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352 F.

2d 30


CRAIG, Appellant,
James F. MARONEY, Superintendent, State Correctional
Institution, Pittsburgh, Pennsylvania.
No. 14960.

United States Court of Appeals Third Circuit.

Nov. 2, 1965.

George W. Craig, pro se.

John H. Brydon, Dist. Atty. of Butler County, Robert F. Hawk, Asst. Dist.
Atty., Butler, Pa., for appellee.
Before KALODNER, Chief Judge, and BIGGS, McLAUGHLIN,
Circuit Judges.

The gravamen of the petition for rehearing is that the court erred in concluding
that there was no denial of the defendant Craig's right to counsel. More
particularly, as we view it, the issue presented is whether the right to counsel is
denied when a confession is elicited outside the presence of counsel whose
assistance has previously been invoked by the accused? As was found in our
opinion filed June 30, 1965, 348 F.2d 22: (1) the accused had conferred with
his attorney prior to confessing; (2) the accused was aware of his right to have
his attorney available for further consultations; (3) the accused was aware of
his right to remain silent; (4) the accused's request for his attorney some hours
prior to his confessing was not refused, his attorney merely being unable to be
reached; (5) there was no abusive physical or psyhcological police pressure
used to coerce the accused's confession. These salient factors clearly distinguish
this case from Escobedo v. State of Illinois, 378 U.S. 478, 84 S.Ct. 1758, 12
L.Ed.2d 977 (1964) and Massiah v. United States, 377 U.S. 201, 84 S.Ct. 1199,
12 L.Ed.2d 246 (1964). In our view the Supreme Court has not repudiated the

doctrine of effective waiver in either of those cases. Indeed, footnote 14 of

Escobedo speaks of its retention in certain terms. Thus neither Escobedo nor
Massiah may be invoked without a consideration of waiver. We found in our
opinion filed June 30, 1965 that the accused had intelligently and unequivocally
waived a right to counsel that had been previously secured to him. The
petitioner has presented nothing that may alter our view of the appropriateness
of our finding of waiver. The petition for rehearing thus will be denied.
KALODNER, Chief Judge (concurring):

I join in the denial of the petition for rehearing solely on the ground that the
petitioner-appellant failed to exhaust his available remedies in the state court.

In United States ex rel. Campbell v. Rundle, Supt. and Shoemaker, 327 F.2d
153 (1964) this Court said:

'* * * the court below was without jurisdiction to entertain the suit because of
the provisions of Section 2254, Title 28, U.S.C., which provide that a federal
court shall not grant the writ of habeas corpus unless it appears that the
applicant has exhausted the remedies available in the courts of the State, and
that an applicant shall not be deemed to have exhausted the remedies available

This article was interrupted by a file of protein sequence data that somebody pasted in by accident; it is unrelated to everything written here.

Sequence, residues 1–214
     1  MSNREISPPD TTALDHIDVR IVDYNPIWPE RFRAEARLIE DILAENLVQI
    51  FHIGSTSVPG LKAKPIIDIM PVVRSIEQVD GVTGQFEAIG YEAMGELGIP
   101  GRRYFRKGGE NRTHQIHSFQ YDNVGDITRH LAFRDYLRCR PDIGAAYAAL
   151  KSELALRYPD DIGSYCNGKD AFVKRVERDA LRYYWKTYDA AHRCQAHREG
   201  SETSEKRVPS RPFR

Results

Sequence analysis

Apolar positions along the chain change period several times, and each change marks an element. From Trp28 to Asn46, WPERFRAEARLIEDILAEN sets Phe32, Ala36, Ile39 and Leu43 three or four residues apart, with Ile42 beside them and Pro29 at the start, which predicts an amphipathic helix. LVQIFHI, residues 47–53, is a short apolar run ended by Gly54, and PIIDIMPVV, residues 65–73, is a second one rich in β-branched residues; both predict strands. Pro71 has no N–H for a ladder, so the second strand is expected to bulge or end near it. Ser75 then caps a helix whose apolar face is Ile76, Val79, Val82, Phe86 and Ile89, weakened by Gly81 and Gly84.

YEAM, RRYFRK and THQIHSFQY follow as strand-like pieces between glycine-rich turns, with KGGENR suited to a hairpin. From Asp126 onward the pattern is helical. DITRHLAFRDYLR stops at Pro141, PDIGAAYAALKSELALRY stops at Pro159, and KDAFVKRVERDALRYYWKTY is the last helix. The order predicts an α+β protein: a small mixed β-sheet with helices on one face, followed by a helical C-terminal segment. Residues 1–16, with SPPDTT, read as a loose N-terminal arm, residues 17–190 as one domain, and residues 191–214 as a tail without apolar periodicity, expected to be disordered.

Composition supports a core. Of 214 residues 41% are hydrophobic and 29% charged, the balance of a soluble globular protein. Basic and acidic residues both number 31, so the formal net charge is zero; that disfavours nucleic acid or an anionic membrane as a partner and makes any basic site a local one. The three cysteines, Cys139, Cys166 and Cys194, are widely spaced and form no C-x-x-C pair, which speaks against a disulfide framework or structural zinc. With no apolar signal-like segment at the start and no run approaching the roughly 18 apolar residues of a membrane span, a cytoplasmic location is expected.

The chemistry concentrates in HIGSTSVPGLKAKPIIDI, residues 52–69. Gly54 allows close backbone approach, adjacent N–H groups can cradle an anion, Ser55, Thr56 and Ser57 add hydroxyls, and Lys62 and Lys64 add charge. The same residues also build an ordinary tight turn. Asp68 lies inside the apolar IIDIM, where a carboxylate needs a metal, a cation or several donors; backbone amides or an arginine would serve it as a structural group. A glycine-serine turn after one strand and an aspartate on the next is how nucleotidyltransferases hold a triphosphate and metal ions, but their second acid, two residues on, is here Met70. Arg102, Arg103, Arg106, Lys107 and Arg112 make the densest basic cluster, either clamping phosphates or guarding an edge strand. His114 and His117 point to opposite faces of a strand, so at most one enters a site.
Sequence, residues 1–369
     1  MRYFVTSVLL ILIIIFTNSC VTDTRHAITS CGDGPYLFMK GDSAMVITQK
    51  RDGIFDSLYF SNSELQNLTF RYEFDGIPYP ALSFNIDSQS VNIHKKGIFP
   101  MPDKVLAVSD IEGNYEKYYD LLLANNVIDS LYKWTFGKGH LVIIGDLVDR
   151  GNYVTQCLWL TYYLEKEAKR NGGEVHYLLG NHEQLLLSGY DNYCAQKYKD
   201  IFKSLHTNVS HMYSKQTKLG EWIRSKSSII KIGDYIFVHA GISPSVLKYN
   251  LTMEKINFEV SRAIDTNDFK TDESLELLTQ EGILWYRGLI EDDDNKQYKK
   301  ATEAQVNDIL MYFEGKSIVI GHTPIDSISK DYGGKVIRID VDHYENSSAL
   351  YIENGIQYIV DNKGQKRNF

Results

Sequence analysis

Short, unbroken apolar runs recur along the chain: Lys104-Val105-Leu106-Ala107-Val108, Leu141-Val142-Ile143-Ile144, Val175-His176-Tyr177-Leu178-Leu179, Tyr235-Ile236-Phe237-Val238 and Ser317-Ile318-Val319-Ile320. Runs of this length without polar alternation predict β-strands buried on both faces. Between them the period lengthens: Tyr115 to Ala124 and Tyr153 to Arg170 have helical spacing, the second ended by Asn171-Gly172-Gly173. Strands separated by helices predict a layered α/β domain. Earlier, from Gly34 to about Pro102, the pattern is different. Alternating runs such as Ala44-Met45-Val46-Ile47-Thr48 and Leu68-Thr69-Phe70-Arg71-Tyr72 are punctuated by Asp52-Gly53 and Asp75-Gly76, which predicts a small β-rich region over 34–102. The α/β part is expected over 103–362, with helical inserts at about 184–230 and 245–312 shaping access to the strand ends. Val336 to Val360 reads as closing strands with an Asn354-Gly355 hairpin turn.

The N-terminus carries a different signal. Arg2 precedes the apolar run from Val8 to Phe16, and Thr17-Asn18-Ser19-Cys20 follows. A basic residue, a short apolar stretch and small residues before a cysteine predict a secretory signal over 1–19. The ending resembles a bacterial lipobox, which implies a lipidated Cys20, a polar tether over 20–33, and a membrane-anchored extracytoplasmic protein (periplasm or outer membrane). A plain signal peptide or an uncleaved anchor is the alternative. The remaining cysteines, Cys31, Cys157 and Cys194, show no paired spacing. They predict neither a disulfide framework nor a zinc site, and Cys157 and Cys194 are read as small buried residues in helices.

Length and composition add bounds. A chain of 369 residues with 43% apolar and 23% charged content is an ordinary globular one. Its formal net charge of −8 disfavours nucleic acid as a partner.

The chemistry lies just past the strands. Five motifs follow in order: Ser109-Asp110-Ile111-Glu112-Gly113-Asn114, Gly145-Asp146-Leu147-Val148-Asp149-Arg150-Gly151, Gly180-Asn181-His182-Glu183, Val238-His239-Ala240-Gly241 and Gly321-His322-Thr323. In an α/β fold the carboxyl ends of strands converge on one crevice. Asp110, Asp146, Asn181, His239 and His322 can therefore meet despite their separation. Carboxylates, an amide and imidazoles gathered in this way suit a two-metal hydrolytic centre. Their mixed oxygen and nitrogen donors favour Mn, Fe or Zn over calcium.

in the courts of the State within the meaning of Section 2254 if he has the right
under the law of the State to raise, by any available procedure, the question
presented.' (p. 164)In that case the District Court had denied the writ of habeas
corpus on the merits and while we expressed the view that it had erred in doing
so, we nevertheless affirmed the denial of the writ because of the failure to
exhaust state remedies.

In the following cases we adhered to our holding in that case: United States ex
rel. Altizer v. Hendrick, Supt., 347 F.2d 349 (1965); United States ex rel.
Dalton v. Myers, Supt., 342 F.2d 202 (1965).

The cases cited are in accord with what was said in Fay v. Noia, 372 U.S. 391,
83 S.Ct. 822, 9 L.Ed.2d 837 (1963). There the Court declared that its prior
decisions had 'fashioned a doctrine of abstention, whereby full play would be
allowed the States in the administration of their criminal justice without
prejudice to federal rights enwoven in the state proceedings.' (p. 419, 83 S.Ct. p.

SMITH, Circuit Judge, with whom BIGGS and FREEDMAN, Circuit Judges,
join (dissenting).

We are of the opinion that the petition for rehearing should be granted, the
rehearing to be limited to the question raised by the appellant's claim that he
was denied the effective assistance of counsel. As we view the facts in this case
the principle established by Massiah v. United States, 377 U.S. 201, 84 S.Ct.
1199, 12 L.Ed.2d 246 (1964) is applicable. Therein Mr. Justice Stewart,
writing for the majority of the Court, stated at page 206, 84 S.Ct. at page 1203:

'We hold that the petitioner was denied the basic protections of that guarantee
when there was used against him at his trial evidence of his own incriminating
words, which federal agents had deliberately elicited from him after he had
been indicted and in the absence of his counsel.'


We believe that the appellant in the instant case, like the petitioner in the
Massiah case, was denied the effective assistance of counsel at a critical stage
in his prosecution.